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LORD CURZON AND E. G. BROWNE CONFRONT THE ‘PERSIAN QUESTION’*

  • CHRISTOPHER N. B. ROSS (a1)
  • DOI: http://dx.doi.org/10.1017/S0018246X09007511
  • Published online: 01 May 2009
Abstract
ABSTRACT

As British efforts to secure the approaches to India intensified in the closing years of the nineteenth century, expert knowledge of the states bordering the subcontinent became an increasingly sought-after commodity. Particularly high demand existed for individuals possessing first-hand experience of Qajar Persia, a state viewed by many policymakers as a vulnerable anteroom on the glacis of the Raj. Britain's two foremost Persian experts during this period were George Nathaniel Curzon and Edward Granville Browne. While Curzon epitomized the traditional gentleman amateur, Browne embodied the emerging professional scholar. Drawing on both their private papers and publications, this article analyses the relationship between these two men as well as surveys their respective views of British policy toward Iran from the late 1880s until the end of the First World War. Ultimately it contends that Curzon's knowledge of Persia proved deficient in significant ways and that Anglo-Iranian relations, at least in the aftermath of the Great War, might well have been placed on a better footing had Browne's more nuanced understanding of the country and its inhabitants prevailed within the foreign policymaking establishment.

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Corresponding author
Magdalene College, Cambridge, CB3 0AGcnr28@cam.ac.uk
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Research for this article was made possible by the Social Sciences and Humanities Research Council of Canada, the Cambridge Commonwealth Trust, and the Canadian Centennial Scholarship Fund. It is based on papers delivered to the Nordic Summer School in Contemporary History, St Petersburg, Russia, and the World History Seminar and Churchill Era and Beyond Postgraduate Conference, Cambridge, England. I am greatly indebted to Ali Ansari, Sir Christopher Bayly, Piers Brendon, John Gurney, Edward Ingram, David Motadel, Tom Rodgers, Douglas Ross, Veronica Strong-Boag, Carl Emil Vogt, and the anonymous referees of the Historical Journal for their constructive comments on earlier drafts. All the usual disclaimers apply. As this article was initially composed in Tehran during the summer of 2007, I would also like to extend my deepest thanks to all members of the Doroudian family, whose extraordinary hospitality and stimulating conversation made for a wonderful stay in the Iranian capital.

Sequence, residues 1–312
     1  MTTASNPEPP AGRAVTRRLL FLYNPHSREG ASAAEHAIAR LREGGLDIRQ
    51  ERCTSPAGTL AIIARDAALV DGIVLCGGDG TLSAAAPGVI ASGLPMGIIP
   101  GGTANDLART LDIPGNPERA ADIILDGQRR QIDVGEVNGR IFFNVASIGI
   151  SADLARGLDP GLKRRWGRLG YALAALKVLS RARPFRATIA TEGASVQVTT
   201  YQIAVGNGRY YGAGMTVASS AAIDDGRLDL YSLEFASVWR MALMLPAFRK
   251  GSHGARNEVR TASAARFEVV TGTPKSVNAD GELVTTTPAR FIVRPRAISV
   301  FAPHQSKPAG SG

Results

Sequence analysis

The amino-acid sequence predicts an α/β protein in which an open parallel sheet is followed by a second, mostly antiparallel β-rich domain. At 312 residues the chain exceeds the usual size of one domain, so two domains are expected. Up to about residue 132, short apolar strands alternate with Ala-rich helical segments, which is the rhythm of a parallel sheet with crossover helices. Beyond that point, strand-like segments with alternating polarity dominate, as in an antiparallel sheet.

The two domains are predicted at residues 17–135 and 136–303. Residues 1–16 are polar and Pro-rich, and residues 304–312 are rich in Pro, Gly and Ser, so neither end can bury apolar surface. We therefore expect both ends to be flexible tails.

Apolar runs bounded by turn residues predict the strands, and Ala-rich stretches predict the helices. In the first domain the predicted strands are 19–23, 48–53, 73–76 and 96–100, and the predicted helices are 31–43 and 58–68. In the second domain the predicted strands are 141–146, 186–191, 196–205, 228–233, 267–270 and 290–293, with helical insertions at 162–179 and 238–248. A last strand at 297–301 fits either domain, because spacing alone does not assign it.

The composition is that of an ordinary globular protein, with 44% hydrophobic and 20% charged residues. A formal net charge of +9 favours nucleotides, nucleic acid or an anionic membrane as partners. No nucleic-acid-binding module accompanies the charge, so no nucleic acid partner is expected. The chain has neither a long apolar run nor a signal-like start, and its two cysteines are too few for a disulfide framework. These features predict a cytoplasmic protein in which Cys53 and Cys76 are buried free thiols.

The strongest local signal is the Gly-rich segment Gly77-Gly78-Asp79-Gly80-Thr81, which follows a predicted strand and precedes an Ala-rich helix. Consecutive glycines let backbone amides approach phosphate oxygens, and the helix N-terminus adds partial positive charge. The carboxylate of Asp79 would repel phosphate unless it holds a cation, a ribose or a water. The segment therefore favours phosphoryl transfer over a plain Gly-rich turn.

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This list contains references from the content that can be linked to their source. For a full set of references and notes please see the PDF or HTML where available.

E. Abrahamian , ‘Oriental despotism: the case of Qajar Iran’, International Journal of Middle East Studies, 5 (Jan., 1974), pp. 331

P. W. Avery and J. B. Simmons , ‘Persia on a cross of silver, 1880–1890’, Middle Eastern Studies, 10 (1974), pp. 259–86

D. McLean , ‘A professor extraordinary: E. G. Browne and his Persian campaign, 1908–1913’, Historical Journal, 21 (1978), pp. 399408

M. Bonakdarian , ‘The Persia committee and the constitutional revolution in Iran’, British Journal of Middle Eastern Studies, 18 (1991), pp. 186207.

H. Katouzian , ‘The campaign against the Anglo-Iranian Agreement of 1919’, British Journal of Middle Eastern Studies, 25 (May 1998), pp. 546.

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The Historical Journal
  • ISSN: 0018-246X
  • EISSN: 1469-5103
  • URL: /core/journals/historical-journal
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